Things To See & Do
Plan a magnificent drive over mountain passes such as Kirkstone and Wrynose. Affording the most tremendous views and not for the faint hearted, these are some of the steepest roads in England.
The Honister Slate Mine offers a variety of underground mine tours and fascinating insight into the area’s industrial and social heritage, an excellent diversion on a rainy day. If you are in the mood for more active adventure, try your hand at the Via Ferrata (Iron Way) – a guided ascent of the mountain using the original miners’ track up the precipitous outer incline, with the addition of a continuous cable making the climb achievable and safe for everyone. Myers Head Lead mine in Patterdale offers a more sedate experience: only worked for a few years and abandoned in the 1870s, this historical site is quite intact.
Find out how your favourite tipple is made with a visit to a craft brewery, such as Jennings near Cockermouth or Keswick Brewery, or if you prefer whisky, drop in to the brand new Lakes Distillery, the largest whisky distillery in England.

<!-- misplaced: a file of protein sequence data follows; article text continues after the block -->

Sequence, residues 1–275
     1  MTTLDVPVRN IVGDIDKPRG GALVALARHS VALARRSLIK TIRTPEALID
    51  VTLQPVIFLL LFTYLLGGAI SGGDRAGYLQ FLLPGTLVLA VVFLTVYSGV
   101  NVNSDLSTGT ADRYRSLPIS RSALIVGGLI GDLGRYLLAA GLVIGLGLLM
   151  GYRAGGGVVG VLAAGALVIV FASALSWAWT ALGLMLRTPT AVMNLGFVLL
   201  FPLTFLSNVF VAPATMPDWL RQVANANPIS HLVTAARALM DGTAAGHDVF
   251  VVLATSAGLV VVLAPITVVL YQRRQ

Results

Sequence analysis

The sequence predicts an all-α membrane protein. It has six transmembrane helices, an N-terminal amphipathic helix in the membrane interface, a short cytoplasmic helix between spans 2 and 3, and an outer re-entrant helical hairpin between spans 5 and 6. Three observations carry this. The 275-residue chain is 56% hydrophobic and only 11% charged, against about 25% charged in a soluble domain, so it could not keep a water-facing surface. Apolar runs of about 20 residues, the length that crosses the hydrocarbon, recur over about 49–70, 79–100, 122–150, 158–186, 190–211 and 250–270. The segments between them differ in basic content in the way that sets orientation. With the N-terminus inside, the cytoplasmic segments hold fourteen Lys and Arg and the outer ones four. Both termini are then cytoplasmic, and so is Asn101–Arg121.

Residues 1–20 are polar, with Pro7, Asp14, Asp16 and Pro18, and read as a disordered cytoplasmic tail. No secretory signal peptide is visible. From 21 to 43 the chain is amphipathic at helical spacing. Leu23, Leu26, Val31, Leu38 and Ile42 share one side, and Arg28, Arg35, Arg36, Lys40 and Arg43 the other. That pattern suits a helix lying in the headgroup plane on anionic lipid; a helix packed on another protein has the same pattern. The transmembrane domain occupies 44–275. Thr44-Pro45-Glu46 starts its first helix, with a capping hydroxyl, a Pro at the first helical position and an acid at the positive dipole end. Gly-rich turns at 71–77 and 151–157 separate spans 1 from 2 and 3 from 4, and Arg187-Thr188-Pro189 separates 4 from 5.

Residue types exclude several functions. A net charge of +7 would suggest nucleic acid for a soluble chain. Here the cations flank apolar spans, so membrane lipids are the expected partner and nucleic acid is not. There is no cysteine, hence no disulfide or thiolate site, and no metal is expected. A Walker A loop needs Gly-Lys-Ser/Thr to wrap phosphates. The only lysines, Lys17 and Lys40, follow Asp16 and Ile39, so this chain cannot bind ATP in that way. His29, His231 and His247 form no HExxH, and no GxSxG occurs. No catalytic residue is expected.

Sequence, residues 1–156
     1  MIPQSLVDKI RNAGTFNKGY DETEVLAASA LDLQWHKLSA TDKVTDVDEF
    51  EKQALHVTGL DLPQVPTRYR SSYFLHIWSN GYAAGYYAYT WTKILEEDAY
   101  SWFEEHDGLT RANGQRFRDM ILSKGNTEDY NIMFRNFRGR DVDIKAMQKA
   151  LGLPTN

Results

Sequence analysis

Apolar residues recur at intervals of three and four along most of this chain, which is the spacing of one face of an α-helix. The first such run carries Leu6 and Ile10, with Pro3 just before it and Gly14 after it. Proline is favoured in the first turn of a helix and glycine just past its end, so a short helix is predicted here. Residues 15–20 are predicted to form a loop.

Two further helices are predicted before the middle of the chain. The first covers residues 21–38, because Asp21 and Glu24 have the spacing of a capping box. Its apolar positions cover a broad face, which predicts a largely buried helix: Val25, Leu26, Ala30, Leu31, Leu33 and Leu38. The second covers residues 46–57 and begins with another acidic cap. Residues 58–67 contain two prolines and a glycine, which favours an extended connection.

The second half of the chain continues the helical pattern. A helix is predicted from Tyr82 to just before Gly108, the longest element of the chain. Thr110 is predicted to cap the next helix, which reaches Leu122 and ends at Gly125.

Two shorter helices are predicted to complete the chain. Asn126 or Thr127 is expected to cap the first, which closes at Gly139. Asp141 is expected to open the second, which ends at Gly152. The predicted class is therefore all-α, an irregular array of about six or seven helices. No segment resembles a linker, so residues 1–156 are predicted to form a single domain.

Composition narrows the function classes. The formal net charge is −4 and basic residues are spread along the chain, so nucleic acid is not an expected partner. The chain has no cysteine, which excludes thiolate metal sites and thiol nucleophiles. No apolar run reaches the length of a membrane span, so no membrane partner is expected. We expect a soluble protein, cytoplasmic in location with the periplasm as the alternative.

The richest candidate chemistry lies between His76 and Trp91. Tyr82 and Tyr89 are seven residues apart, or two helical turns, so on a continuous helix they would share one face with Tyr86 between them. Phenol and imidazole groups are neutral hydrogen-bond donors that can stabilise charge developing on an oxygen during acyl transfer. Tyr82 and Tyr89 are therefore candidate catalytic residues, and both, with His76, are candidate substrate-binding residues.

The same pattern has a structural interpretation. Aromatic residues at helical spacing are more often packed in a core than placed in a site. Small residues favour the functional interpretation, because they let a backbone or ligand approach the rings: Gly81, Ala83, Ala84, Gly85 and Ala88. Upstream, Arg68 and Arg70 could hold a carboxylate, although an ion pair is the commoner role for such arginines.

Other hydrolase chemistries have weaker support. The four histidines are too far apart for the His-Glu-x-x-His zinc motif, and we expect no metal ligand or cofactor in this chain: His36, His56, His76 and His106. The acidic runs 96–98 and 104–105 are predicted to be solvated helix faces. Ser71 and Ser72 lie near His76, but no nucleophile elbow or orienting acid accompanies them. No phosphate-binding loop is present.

Beyond the Lake District’s quaint stone villages and tea rooms, explore the Georgian port of Whitehaven or the pretty beach resort of St Bees with its important cliff top nature reserve.
Travelling To & Around
The major route from the south and the north to the Lake District is the M6 motorway. From the motorway there are several A roads that lead into different areas of the Lakes.
The Lake District can also be reached by train: the West Coast mainline connects Oxenholme, Penrith and Carlisle with London and Glasgow, while local trains call at Kendal, Staveley and Windermere. A route follows the Cumbrian coastline from Carlisle to Maryport, Whitehaven and Barrow in Furness.
Manchester is the nearest airport, offering connections by train and road into the heart of the Lakes.
There are local bus services but to fully appreciate the dramatic landscapes, we recommend exploring by car.